Monthly Archives: January 2014

Flappy Bird: A Horrible Game

Today, Mashable posted a story about the new iOS and Android game, Flappy Bird. According to the article, the app ranked at number one in the App Store this week, ahead of social media apps like Instagram, Facebook, and Twitter. And this angers me. I don’t understand at all why this game has become popular. The helicopter game premise has been done many times. In these helicopter games, the helicopter, in the case of this game, a bird, moves horizontally automatically while the user controls the height, by clicking or tapping the screen. The idea is to get as far as you can, avoiding objects, such as the green tubes in Flappy Bird. Sounds like a simple and fun game right?

No, not at all in the case of Flappy Bird. First and foremost, the game is broken. The first time I downloaded and tried to play the game, upon making my first tap to start the game, Apple’s GameCenter loaded and the banner at the top caused it lag heavily. Not only that, once I lost by hitting a tube, THE GAME CRASHED. ON THE FIRST TRY. That says everything right there. Secondly, the art style is a complete rip off of the original Super Mario Bros. Way to be original Dong Nguyen (the app’s creator). Lastly, the game is just stupid hard. The slightest little tap causes the bird to fly up way too much, causing you to hit the tubes way too easily. In my 10 minutes of playing the game, that is all I could take, I only got a high score of 3.

I just do not understand why this game is the most downloaded app on the App Store right now. People have been posting all over social media about this game, and how much they hate it. Maybe something to do with the snowball effect of “Oh this person is playing and posting about this game, I want to go try it?” I don’t know. When I play video games, I want to be challenged, but nothing like the level of challenge in Flappy Bird. I want to be entertained and have fun when I’m playing a game, and I don’t get any of those feelings when I play it. If anyone has any ideas as to why this game became popular, please comment below, because I have no idea.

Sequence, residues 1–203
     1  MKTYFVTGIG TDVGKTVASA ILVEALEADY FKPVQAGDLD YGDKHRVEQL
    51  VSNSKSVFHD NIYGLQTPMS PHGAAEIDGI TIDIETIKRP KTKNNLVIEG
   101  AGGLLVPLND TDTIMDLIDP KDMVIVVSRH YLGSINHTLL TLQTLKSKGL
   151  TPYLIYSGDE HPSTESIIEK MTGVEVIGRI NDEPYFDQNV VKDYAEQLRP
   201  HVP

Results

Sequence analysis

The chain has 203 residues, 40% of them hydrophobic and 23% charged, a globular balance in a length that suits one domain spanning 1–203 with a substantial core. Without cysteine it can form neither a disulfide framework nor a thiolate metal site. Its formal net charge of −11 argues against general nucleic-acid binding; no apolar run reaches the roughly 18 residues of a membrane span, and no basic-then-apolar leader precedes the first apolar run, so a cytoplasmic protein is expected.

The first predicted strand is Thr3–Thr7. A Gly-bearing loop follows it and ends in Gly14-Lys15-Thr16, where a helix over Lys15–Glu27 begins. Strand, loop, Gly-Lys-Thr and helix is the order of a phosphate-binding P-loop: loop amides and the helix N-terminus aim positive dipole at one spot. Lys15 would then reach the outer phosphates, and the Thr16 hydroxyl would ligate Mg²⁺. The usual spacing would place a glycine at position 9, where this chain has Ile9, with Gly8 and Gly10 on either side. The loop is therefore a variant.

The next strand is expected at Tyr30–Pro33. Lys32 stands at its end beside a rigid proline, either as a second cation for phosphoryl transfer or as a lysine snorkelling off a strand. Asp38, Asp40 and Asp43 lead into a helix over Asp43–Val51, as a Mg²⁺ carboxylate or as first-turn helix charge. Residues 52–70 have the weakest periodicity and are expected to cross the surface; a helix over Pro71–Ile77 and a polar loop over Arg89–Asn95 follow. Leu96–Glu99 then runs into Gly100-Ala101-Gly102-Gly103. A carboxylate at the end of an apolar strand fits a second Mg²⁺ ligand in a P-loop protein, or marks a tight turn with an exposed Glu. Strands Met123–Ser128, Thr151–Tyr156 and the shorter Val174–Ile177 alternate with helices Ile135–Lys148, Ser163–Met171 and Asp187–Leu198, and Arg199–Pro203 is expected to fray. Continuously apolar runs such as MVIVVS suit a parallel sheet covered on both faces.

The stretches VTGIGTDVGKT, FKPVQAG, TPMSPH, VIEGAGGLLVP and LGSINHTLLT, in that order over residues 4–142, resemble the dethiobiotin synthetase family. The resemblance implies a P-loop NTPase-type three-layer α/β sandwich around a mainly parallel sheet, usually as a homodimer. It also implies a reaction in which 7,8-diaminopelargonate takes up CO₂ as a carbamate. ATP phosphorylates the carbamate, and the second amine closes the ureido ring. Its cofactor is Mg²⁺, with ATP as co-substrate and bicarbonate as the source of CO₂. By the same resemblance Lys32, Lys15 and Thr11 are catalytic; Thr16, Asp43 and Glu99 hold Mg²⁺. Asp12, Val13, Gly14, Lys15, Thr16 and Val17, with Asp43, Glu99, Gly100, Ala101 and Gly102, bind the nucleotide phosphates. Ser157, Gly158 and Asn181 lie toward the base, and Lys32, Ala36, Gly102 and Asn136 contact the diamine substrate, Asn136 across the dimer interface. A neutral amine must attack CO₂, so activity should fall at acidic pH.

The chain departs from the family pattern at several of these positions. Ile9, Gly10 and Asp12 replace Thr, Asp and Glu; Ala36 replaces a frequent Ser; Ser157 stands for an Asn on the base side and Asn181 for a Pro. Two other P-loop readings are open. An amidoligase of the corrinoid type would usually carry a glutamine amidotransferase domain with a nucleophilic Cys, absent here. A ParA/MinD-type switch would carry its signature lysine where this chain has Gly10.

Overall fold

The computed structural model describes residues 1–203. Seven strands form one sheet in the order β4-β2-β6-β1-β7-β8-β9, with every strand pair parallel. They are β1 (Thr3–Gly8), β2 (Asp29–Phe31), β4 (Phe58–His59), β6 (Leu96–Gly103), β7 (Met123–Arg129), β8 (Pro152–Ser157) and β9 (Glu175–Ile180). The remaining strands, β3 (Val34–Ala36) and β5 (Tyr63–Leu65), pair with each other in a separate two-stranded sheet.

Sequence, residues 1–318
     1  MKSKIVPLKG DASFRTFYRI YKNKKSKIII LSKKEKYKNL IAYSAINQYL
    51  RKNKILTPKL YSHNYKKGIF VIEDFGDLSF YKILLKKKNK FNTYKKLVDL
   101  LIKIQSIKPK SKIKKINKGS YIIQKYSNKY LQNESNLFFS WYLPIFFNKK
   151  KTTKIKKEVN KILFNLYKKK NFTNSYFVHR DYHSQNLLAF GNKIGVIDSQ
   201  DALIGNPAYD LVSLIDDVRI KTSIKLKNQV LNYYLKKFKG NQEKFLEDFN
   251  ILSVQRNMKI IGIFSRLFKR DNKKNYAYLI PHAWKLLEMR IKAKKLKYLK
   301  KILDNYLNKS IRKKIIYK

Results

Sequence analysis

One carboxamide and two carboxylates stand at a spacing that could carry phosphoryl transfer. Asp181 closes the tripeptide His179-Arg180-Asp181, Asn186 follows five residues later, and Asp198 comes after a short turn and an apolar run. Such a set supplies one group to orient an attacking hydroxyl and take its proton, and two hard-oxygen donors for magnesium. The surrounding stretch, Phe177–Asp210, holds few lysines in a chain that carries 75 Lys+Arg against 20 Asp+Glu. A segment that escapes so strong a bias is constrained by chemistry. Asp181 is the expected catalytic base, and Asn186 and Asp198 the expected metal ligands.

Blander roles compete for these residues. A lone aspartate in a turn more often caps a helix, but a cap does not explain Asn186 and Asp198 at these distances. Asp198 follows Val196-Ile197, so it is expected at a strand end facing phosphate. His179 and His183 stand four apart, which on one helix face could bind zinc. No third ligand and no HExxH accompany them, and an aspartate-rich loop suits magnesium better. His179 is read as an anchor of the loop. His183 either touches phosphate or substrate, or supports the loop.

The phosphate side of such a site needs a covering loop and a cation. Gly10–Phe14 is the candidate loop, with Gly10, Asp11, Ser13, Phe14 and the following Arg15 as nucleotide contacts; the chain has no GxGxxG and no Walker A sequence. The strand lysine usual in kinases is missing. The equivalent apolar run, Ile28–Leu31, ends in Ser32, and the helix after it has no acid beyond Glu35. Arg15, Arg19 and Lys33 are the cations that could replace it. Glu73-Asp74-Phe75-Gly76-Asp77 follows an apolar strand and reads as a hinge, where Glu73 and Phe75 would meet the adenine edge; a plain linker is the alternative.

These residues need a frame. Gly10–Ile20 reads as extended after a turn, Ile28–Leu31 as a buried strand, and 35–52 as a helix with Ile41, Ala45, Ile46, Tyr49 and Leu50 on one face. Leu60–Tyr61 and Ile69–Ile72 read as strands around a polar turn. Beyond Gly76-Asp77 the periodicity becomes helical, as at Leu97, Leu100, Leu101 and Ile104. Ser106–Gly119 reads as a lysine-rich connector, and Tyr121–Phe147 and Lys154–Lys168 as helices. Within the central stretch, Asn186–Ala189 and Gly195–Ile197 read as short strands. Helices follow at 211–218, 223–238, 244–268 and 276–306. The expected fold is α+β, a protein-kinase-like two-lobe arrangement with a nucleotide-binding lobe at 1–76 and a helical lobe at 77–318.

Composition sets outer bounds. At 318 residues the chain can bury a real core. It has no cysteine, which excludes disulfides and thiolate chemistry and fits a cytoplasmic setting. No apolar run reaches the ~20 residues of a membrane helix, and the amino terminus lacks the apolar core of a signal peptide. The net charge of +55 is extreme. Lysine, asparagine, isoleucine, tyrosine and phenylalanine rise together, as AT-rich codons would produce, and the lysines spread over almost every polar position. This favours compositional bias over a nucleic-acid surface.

Usability Journal Post #2

In my post last week about the bad Playstation 4 touch buttons, I mentioned when describing the PS4 itself the great controller. So, last week was my least favorite part of my PS4, and this week, it’s all about my favorite part. The Dualshock 4.


This controller is very user friendly for many reasons. For me, the most important thing I found when first picking up the controller is that feels like it belongs in your hands. It’s shaped so that it fits your hands almost perfectly. It feels very natural to hold, and it doesn’t feel like you have to get adjusted to the controller to use it properly. The controller for the Playstation 3, the Dualshock 3, (see a trend there?) didn’t fit your hands not even close to as well as the DS4 does. Sure, it’s the same basic controller design, but Sony really wanted to change their 17 year old controller design for the new PS4. Seriously, for SEVENTEEN years, since the original Playstation in 1996, Sony used the same controller, except for changing and adding a few minor features along the way, such as being wireless. However, this is also an advantage for Sony, because by using the same basic design for all these years, people have a mental model of what a Playstation controller should be. If Sony was to change the layout of the sticks and buttons, such as change around the order/layout of the shape buttons (X, circle, square, and triangle), I’m pretty sure people would riot. I grew up with this layout and I know personally I don’t want anything less, or more, than the shape buttons, D-pad, two analog sticks, and 4 shoulder buttons.